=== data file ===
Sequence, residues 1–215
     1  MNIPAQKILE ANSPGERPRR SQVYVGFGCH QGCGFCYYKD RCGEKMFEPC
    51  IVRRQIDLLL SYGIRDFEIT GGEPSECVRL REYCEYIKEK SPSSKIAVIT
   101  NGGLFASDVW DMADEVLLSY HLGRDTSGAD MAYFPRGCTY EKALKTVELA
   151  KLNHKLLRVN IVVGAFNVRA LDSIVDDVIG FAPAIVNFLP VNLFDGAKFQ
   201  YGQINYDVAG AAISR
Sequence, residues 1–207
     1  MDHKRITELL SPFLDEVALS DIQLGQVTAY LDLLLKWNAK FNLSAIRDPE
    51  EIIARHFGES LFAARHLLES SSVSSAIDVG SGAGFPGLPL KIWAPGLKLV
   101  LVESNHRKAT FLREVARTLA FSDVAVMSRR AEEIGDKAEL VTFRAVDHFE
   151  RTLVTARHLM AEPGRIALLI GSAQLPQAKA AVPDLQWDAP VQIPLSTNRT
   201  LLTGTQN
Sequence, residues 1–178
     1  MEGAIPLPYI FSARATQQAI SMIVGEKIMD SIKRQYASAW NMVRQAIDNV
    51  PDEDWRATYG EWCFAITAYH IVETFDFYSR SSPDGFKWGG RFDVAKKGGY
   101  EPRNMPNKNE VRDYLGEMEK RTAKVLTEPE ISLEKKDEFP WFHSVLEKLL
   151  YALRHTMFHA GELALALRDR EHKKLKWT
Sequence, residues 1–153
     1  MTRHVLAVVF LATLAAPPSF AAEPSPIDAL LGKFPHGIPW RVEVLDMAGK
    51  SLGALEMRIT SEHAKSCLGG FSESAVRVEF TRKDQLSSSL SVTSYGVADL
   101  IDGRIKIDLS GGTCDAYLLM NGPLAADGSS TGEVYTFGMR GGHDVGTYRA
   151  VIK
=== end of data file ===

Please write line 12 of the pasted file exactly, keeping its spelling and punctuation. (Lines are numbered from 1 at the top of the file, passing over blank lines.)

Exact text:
   201  LLTGTQN